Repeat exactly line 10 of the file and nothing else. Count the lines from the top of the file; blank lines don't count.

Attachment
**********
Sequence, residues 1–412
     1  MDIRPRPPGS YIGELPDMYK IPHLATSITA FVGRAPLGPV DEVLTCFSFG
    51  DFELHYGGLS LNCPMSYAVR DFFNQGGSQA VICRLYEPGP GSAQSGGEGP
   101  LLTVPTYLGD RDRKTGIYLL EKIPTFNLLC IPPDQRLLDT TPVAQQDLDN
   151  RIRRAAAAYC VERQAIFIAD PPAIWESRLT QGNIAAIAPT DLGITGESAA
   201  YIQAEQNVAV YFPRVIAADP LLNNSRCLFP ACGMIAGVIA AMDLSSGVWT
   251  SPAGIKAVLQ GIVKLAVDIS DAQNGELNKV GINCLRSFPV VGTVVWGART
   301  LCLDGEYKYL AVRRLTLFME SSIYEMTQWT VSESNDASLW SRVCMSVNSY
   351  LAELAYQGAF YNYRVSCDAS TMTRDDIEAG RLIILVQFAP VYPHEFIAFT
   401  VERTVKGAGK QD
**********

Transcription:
   401  VERTVKGAGK QD